Six Nations Solidarity
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Published: Tuesday, June 20, 2006
[SISIS note: The following mainstream news article is provided for reference only, as an example of how mainstream media treats indigenous resistance to genocide. Mainstream media often presents biased and distorted information, lacking pertinent facts and/or context. Inclusion of this article on our site should not be considered an endorsement by SISIS.]
TORONTO -- Homeowners in Caledonia, Ont., who feel they have suffered because of an ongoing aboriginal land occupation will be compensated by the province, David Ramsay, the minister responsible for aboriginal affairs, said Tuesday.
Ramsay said the Liberal government is offering to help homeowners in the town south of Hamilton as well as local businesses. The province has already agreed to buy out the developer whose housing project is at the centre of the Six Nations land claims dispute.
"We know that they have been incredibly hurt by this dispute, and we want to help them directly," Ramsay said before a Liberal caucus meeting.
"We're trying to make sure that everybody that's been affected by this is helped."
Ramsay said the government offered what he called "some great packages" to businesses in Caledonia, and now wanted to hear from homeowners about their needs.
He wouldn't rule out the possibility that the government could buy even more homes in Caledonia, or even compensate people for psychological trauma they feel they've suffered as a result of the ongoing standoff.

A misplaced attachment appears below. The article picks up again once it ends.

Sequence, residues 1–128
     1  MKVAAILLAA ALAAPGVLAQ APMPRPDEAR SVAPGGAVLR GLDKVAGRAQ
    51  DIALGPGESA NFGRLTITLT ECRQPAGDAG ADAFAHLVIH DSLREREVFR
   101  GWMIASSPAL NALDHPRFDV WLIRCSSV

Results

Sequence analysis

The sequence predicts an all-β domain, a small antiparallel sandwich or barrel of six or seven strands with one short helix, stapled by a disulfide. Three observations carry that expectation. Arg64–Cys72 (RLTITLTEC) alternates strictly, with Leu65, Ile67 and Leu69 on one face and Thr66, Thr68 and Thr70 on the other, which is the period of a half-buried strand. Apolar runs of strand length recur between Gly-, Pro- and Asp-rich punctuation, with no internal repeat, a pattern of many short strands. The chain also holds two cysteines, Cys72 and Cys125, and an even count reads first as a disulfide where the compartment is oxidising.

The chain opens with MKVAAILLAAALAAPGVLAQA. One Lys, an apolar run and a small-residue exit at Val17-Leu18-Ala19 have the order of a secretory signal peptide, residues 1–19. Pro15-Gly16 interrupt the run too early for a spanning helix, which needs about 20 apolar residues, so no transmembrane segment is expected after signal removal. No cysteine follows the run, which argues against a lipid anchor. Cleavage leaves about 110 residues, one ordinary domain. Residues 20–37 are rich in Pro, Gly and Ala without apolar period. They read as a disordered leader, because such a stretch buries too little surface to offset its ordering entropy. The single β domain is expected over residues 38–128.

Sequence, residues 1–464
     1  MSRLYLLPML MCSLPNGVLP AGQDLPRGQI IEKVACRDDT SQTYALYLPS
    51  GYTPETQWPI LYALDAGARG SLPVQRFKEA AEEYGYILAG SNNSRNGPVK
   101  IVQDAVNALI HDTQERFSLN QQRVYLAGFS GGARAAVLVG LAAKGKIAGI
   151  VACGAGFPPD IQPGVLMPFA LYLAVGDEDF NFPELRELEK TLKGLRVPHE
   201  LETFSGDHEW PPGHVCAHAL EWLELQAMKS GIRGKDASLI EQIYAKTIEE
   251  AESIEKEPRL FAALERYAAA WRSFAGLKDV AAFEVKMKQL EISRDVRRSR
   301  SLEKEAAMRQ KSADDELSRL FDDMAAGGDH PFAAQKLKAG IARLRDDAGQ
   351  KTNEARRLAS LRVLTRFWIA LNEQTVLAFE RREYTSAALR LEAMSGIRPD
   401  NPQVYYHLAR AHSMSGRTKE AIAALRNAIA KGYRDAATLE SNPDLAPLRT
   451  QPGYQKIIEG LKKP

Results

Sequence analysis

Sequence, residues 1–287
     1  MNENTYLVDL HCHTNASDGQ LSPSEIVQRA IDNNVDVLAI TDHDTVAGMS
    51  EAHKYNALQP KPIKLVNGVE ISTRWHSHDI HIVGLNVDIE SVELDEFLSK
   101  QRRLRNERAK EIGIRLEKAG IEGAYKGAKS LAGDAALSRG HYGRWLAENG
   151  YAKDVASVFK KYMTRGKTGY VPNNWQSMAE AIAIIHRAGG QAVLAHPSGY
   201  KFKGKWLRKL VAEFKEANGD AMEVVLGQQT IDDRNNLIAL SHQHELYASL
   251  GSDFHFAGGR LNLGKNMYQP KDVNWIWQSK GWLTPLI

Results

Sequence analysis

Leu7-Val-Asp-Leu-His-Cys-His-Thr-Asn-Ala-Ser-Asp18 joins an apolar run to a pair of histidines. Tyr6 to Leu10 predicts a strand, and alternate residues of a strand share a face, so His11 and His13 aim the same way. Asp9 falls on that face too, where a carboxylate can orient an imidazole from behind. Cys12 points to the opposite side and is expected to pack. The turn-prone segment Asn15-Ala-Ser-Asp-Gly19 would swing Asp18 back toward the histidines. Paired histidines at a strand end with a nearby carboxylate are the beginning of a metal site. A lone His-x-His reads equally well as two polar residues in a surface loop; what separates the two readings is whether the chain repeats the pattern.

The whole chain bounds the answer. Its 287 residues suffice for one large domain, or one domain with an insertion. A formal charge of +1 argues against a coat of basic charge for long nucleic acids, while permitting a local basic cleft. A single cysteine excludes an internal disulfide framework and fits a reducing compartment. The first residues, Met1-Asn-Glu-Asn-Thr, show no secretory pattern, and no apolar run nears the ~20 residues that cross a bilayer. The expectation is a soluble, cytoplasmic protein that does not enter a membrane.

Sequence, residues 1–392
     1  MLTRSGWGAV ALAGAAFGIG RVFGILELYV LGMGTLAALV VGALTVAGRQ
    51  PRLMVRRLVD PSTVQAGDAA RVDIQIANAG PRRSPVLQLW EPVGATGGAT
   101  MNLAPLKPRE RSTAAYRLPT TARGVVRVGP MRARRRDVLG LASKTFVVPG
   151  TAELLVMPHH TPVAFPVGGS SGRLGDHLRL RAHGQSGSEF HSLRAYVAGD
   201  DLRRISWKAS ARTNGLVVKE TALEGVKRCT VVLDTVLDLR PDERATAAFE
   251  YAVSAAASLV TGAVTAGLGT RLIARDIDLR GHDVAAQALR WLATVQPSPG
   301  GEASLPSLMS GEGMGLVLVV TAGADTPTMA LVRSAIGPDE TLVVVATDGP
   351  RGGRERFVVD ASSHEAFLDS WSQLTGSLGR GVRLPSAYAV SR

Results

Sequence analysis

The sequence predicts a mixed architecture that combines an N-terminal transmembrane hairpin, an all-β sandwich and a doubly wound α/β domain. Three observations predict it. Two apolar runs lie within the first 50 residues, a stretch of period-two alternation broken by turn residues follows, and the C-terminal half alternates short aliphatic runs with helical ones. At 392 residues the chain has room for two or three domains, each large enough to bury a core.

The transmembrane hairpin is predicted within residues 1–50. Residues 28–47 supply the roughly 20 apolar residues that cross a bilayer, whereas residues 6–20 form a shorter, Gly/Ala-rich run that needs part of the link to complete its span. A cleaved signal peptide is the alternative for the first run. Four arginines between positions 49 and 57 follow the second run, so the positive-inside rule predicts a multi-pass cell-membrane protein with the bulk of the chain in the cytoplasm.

"Well, right now we want to listen to them and find out what the ideas are, so we're not going to say, 'This is what we're going to do,'" Ramsay said.
"We want to talk to them (and) engage them."
He refused to disclose how much the province paid to buy out Henco Industries, the developer whose land has been occupied by Six Nations protesters since late February.
"We paid fair market value for the land as is...and in this case the seller has asked us to keep that confidential," Ramsay said.
"The figure is reflective of their development costs to bring that land to where it is today, and so they see that as a competitive disadvantage if that price is released."
Conservative critic John Yakabuski said taxpayers have a right to know how much the Liberal government is spending to calm non-natives in Caledonia, and is worried the settlement of the land claim will also be hidden from the public.
"The government has a responsibility to be open and transparent about the process and also about any kind of settlements that they're engaging in," said Yakabuski.
"They are completely secretive in how they're dealing with taxpayers' money, and you can't take the attitude that you're going to try and pour as much cash as it takes to settle the situation, and then not let the people know how much you had to pour."
Premier Dalton McGuinty told the legislature Tuesday that he believes the people of Caledonia have "more pressing issues" on their minds then how much the government paid to buy the development.
"I think they can take some heart and comfort from the knowledge that we are making some real, measurable progress in getting barricades down and providing more financial assistance to the community," he said.
Opposition Leader John Tory disagreed.
"I think the people of Ontario deserve to know how much this part of the Caledonia episode will cost them," he said.
"It is not your money. It is the public's money that we're dealing with here. You have no right whatsoever to keep this information from Ontarians."
Tory said given what's happened in Caledonia, he supports the idea of helping local residents, but added any negotiations should be open and public.